Security+: Common Incident Response Procedures (SY0-401) [DECOMMISSIONED ARTICLE]
NOTE: This article reflects an older version of the Security+ Exam – please see the current Security+ Certification page for the most up-to-date information.
Do you want to be certified under the CompTIA Security+ process? Are you interested in taking and owning this certification exam? Here are a couple of incident response procedures you need to be knowledgeable about in order to score high with ease.
It must be said that Incident Response Plans (IRP) are critical in any organization – may it be security-focused or not. This is because IRPs are developed to help employees identify, understand, and respond to and eliminate information security attacks. Without IRPs in place, organizations run the risk of not following proper protocol when mitigating a risk – and being unable to detect and eventually to recover from a detected security breach.
Moreover, all successful projects and organizational processes start with a well thought out plan – which includes meticulous research on the technical environment of the project, a critical review of one’s organizational resources, and a comprehensive methodology of how to carry out the dream. This can be said of any technical undertaking – may it be for a grade school science fair, a legendary house’s pre-fall fashion show, or in this case, information security.
Preparation in this regard constitutes capacity building for employees – including users and IT staff – to be ready for potential incidents like data breaches, virus or malware outbreaks, or denial of service.
The peri-incident response begins with identification. First and foremost, in order to dictate a course of action, one must first identify the action. This means that IT security experts must then determine whether or not the perceived threat is an actual threat. Of course, preparation can only benefit the organization and improve processes within the company, but the application of this preparation is very significant in making sure that incident response plans of the organization are strong and useful.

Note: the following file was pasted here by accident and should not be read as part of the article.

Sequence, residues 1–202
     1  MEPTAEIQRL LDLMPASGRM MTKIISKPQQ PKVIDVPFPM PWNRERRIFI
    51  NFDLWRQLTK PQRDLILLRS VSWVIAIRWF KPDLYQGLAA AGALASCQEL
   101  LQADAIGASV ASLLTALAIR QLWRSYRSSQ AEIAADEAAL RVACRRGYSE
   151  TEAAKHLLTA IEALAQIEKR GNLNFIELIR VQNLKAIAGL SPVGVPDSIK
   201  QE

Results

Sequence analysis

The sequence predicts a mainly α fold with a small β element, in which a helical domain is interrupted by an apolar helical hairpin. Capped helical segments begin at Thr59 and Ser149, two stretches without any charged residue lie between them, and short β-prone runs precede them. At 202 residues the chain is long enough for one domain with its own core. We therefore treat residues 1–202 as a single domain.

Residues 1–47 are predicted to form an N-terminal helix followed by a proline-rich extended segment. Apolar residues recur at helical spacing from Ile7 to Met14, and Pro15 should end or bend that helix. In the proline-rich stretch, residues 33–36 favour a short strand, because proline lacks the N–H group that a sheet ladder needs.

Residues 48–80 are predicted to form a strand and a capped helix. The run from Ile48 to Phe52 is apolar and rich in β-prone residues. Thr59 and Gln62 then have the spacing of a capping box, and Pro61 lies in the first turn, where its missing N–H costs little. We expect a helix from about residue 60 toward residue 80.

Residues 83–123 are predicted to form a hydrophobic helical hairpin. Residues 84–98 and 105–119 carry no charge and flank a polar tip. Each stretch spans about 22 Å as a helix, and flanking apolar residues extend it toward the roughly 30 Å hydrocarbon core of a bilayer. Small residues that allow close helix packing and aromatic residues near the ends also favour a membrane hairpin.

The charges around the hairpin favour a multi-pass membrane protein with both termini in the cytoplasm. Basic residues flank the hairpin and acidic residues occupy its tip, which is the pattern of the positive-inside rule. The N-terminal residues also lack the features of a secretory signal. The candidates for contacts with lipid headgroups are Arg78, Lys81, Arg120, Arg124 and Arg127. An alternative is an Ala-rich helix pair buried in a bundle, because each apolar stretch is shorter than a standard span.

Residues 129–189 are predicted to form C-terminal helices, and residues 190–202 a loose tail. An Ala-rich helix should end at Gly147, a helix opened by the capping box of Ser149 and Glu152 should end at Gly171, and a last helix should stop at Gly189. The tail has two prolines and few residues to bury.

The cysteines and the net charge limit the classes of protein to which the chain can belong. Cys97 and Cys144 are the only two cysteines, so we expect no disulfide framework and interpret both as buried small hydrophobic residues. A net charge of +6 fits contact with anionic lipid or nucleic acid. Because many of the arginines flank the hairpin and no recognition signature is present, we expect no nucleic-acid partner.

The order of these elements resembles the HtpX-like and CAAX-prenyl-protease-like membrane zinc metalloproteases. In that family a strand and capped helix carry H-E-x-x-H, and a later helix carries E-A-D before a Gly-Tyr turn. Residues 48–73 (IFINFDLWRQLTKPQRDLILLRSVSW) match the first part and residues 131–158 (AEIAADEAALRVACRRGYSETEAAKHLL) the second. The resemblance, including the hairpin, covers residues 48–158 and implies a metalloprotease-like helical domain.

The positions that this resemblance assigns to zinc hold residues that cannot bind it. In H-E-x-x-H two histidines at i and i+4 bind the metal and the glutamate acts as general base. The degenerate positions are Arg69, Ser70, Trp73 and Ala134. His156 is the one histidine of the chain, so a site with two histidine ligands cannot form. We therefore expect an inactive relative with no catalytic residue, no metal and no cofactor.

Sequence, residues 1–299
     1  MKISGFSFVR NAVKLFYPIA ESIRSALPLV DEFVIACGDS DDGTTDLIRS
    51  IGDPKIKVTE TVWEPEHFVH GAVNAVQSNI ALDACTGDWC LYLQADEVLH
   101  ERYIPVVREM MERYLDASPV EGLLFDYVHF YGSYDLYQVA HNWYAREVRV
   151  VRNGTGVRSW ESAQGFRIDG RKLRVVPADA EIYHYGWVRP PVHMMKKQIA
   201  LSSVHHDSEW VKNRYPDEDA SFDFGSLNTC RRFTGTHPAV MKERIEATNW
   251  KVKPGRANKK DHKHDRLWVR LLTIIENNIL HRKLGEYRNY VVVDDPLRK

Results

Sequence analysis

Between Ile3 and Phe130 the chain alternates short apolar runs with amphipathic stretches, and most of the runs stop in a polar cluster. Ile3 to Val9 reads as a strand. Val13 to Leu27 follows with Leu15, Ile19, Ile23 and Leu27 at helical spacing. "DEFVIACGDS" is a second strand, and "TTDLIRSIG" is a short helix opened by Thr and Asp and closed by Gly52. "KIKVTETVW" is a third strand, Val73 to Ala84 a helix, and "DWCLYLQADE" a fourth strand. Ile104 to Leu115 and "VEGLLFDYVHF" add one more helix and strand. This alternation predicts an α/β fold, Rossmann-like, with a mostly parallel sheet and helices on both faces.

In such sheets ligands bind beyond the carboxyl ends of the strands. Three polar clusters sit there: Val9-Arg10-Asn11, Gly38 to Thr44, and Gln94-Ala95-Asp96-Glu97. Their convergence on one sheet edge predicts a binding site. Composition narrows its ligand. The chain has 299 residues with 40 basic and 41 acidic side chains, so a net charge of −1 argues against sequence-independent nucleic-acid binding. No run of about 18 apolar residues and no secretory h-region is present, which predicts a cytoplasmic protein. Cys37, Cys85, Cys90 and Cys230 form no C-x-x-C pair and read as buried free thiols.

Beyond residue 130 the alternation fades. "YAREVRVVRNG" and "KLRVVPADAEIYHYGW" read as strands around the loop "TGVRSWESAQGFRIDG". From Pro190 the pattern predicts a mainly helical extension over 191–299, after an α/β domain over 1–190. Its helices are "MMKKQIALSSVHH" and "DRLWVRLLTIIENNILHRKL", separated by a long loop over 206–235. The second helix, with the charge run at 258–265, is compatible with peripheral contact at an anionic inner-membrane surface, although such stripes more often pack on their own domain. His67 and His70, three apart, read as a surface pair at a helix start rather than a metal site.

The organization may identify the threats based on severity and risk, both of which are qualified in any self-respecting organization’s enterprise risk management (ERM) framework and IRP – as aforementioned. Once potential threats are tagged as actual security risks, the next step for IT security staff is escalation and notification.
Escalation and Notification
A major part of IT security’s job is to ensure that the incident – based on severity as initially identified – must be met with a response of the same caliber. Grounded on the threat’s potential impact to the organization, IT security must ensure that the team and their systems are ready to take in whatever level of risk is available. Next, it is the job of the IT security staff to inform the stakeholders involved and most likely affected by the targeted threat.
To mitigate means to lessen the intensity of the object at play. In the particular case of incident response in information security, to mitigate means to limit the damage of the incident through containment and to isolate particular systems to avoid additional damage. Moreover, to mitigate in incident response means to perform eradication activities to clear the information security threat. Remember that the ultimate objective of mitigation is eventual recovery of organizational data and other relevant information compromised through the incident.